What Are the Symptoms of Congenital Sucrase-Isomaltase Deficiency?
The clinical presentation of Congenital Sucrase-Isomaltase Deficiency (CSID) can vary from mild to severe chronic, watery diarrhea and/or abdominal pain.
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Often, symptoms do not manifest in infants until they begin to ingest sucrose and starch-containing foods (for example, juices, solid foods, and medications sweetened with sucrose).
Chronic, watery diarrhea and failure to thrive are the most common symptoms in infants and toddlers. Other manifestations include abdominal distention, gassiness, colic, irritability, excoriated buttocks, diaper rash, and vomiting.
In some populations, notably the Greenland Eskimos and some Alaskan natives, a low-carbohydrate, high-protein, high-fat diet may delay the development of CSID symptoms.2 A small number of patients may require hospitalization for diarrhea and dehydration, malnutrition, muscle wasting and weakness.1-3 Patients with confirmed CSID commonly report being examined in the past for toddler’s diarrhea, irritable bowel syndrome-diarrhea (IBS-D), lactose intolerance, celiac disease, cystic fibrosis, or food allergies.1,4
The gastrointestinal (GI) symptoms associated with CSID tend to persist in adults, because CSID is not a disease that a patient can outgrow. Symptoms may appear less severe in adults compared to those experienced by children. In some adults, symptoms may be limited to an increase in bowel frequency, abdominal distention, and flatulence although episodic watery diarrhea upon ingestion of high levels of sucrose may occur.1 In certain patients, diarrhea may alternate with constipation, leading to a misdiagnosis of CSID as irritable bowel syndrome-alternating (IBS-A).
As with pediatric patients, the clinical presentation in adults varies dramatically from patient to patient. Some patients with CSID may experience several severe symptoms in response to consumption of sucrose, while others may experience only mild discomfort.
Figure 1. Distribution of presenting symptoms of CSID in twenty-three pediatric patients1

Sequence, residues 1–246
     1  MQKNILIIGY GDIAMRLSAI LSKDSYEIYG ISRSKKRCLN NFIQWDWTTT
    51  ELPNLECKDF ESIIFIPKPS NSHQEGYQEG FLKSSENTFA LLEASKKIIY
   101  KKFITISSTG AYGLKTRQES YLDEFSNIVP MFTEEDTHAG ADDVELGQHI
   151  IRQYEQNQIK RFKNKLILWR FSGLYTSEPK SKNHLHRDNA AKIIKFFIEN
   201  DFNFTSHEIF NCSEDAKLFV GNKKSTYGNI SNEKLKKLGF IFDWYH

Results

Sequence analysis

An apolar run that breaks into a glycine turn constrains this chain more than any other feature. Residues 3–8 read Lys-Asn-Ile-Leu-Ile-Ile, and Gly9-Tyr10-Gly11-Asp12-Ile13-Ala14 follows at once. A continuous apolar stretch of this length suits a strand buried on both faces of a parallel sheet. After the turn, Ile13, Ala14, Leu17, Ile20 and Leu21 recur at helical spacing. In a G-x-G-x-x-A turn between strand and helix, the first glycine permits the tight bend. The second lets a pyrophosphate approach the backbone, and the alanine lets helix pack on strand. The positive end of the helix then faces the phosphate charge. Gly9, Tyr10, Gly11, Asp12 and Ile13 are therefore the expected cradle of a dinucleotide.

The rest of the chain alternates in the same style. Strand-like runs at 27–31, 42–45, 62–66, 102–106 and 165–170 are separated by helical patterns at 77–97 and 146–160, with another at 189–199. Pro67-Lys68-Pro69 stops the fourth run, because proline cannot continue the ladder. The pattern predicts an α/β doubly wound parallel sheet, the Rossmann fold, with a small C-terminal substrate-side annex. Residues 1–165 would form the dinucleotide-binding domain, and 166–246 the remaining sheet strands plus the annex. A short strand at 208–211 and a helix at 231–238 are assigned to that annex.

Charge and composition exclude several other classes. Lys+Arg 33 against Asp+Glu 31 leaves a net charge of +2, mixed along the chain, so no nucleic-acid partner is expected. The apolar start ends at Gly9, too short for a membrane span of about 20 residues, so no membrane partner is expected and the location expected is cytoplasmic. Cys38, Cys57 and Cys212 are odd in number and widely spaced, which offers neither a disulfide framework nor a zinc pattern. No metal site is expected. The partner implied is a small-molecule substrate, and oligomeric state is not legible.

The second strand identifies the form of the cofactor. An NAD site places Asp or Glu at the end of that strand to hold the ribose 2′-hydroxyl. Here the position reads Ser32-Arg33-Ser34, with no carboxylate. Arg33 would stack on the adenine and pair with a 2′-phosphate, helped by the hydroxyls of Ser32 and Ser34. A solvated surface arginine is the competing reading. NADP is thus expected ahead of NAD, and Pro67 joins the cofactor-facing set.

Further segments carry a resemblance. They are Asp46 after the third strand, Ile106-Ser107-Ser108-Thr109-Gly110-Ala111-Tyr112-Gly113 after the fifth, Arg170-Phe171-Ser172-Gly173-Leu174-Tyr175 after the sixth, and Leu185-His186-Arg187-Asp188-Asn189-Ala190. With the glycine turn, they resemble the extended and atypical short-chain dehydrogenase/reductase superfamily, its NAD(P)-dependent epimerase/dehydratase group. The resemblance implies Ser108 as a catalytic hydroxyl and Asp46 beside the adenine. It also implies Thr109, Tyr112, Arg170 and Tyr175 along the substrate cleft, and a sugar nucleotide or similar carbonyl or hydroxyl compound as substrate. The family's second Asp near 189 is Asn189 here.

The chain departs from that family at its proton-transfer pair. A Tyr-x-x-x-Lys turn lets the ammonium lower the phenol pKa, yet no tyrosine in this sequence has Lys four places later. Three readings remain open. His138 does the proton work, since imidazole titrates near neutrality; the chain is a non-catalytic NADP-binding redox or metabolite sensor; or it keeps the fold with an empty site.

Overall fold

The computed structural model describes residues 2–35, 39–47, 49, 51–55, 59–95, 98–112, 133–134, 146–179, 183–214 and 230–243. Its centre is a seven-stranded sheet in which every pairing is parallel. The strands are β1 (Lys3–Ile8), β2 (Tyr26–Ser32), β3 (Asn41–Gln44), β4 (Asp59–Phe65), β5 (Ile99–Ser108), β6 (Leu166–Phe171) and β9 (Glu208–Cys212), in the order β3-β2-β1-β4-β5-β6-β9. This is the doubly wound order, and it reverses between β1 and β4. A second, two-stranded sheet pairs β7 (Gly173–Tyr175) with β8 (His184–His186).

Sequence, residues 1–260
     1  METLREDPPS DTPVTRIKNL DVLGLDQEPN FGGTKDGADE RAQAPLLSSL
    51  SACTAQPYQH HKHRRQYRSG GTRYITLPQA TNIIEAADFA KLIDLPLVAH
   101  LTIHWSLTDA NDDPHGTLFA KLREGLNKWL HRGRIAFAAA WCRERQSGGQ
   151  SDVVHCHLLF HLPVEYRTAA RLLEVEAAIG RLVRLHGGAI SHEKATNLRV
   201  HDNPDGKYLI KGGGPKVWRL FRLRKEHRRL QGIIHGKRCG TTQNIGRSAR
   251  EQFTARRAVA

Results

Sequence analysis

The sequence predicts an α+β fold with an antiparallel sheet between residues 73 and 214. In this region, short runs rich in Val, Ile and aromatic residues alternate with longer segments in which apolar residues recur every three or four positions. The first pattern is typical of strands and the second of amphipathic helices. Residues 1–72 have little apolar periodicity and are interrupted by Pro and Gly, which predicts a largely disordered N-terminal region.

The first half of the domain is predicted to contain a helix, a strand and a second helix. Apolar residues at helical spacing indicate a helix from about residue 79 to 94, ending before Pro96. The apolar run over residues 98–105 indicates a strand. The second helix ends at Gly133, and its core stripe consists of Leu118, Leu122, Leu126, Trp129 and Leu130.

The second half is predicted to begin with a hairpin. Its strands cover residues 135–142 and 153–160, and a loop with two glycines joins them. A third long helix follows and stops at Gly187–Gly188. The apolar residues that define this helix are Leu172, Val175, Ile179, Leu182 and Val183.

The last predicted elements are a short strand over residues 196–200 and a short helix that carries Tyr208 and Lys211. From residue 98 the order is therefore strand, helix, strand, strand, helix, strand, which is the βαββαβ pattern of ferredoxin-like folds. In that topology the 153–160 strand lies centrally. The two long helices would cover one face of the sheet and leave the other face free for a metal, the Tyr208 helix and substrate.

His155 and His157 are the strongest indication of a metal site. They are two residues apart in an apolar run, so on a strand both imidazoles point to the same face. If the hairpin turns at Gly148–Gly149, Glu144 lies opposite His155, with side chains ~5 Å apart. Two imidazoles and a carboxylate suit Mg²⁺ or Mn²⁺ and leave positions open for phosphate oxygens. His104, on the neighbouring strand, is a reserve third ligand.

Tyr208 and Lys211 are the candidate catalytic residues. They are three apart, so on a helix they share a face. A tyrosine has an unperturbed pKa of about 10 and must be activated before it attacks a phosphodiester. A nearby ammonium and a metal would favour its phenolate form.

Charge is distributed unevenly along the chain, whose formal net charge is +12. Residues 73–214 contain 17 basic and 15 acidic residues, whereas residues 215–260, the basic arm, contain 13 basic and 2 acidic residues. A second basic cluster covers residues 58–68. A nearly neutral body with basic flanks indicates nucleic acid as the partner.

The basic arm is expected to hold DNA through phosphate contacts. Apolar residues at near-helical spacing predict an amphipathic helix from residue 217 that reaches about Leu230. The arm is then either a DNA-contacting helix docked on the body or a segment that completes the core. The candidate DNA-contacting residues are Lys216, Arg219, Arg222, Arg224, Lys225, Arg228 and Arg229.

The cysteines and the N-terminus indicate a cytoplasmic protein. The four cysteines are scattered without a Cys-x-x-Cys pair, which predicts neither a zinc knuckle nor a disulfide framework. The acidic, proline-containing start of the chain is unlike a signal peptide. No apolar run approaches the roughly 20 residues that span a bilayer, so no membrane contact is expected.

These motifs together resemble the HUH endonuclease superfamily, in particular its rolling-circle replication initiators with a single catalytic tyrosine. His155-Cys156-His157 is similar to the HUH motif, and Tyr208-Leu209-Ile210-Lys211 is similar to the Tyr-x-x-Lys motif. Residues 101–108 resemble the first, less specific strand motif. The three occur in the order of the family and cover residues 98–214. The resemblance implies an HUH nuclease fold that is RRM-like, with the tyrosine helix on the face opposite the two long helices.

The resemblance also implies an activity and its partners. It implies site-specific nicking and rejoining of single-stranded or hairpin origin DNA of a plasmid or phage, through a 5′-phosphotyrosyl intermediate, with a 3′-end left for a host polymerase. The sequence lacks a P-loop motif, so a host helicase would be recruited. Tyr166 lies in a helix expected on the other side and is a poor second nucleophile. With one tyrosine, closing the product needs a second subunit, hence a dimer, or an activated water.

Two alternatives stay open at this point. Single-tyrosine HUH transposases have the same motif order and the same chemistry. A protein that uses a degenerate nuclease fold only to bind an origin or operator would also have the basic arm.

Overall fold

Symptoms Consistent with a Diagnosis of CSID
Table 1. Overview of CSID Symptoms
Common Signs and Symptoms
Individuals with Congenital Sucrase-Isomaltase Deficiency (CSID) typically have one or more of the following symptoms:
- Chronic diarrhea and/or loose stools (more severe or explosive in young children or babies after they have stopped breastfeeding)
- Acidic stools (stool pH <6) resulting in excoriated buttocks or rash
- High frequency of bowel movements (BMs)
- Reports of particularly foul BM odor related to poor absorption of carbohydrates
- Gas and abdominal bloating
- Abdominal pain
- Complaints of nausea or indigestion
- Diarrhea mixed with intermittent constipation, particularly when chronically taking common drugs to stop diarrhea
- Onset of symptoms soon after consuming a meal
- A low body mass index (BMI) that falls below the age-appropriate growth chart curve or failure to thrive when very young
- Avoidance or intolerance of foods containing carbohydrates, particularly sugary sweets or starches (for example, potatoes, rice, pasta)
- Lack of relief from treatment with common drugs to stop diarrhea
- Long history of examinations by multiple gastroenterologists for unusual GI conditions with symptoms similar to CSID, such as inflammation of the gall bladder (cholecystitis); intolerance of foods containing gluten (proteins found in grains), called celiac disease; an inherited disorder that impairs the secretion of mucus, called cystic fibrosis; and impaired absorption of bile acid (naturally-occurring molecule that helps the body break down fats); all these conditions also may cause chronic diarrhea
Family History of GI Symptoms
Since CSID is an inherited disorder, other family members may also be affected:
- Parents and/or siblings may have similar GI symptoms after a meal
- They may avoid eating carbohydrates and sweet foods
Symptom Frequency and Duration
- Individuals with CSID may experience GI symptoms frequently (several times a week or every day)
- Onset of symptoms is shortly after eating a meal
- Symptoms have been a problem for a very long-time (since childhood or for many years); in children, symptoms may start when no longer breastfeeding, with increased consumption of dietary carbohydrates in baby foods
- Treem WR. Congenital Sucrase-Isomaltase Deficiency. J Pediatr Gastroenterol Nutr. 1995;21(1):1-14.
- Gudmand-Høyer E. Sucrose malabsorption in children: a report of thirty-one Greenlanders. J Pediatr Gastroenterol Nutr. 1985;4(6):873-877.
- Antonowicz I, Lloyd-Still JD, Khaw KT, Shwachman H. Congenital Sucrase-Isomaltase Deficiency. Observations over a period of 6 years. Pediatrics. 1972;49(6):847-853.
- Treem WR. Clinical aspects and treatment of Congenital Sucrase-Isomaltase Deficiency. J Pediatr Gastroenterol Nutr. 2012;55(suppl 2):S7-S13.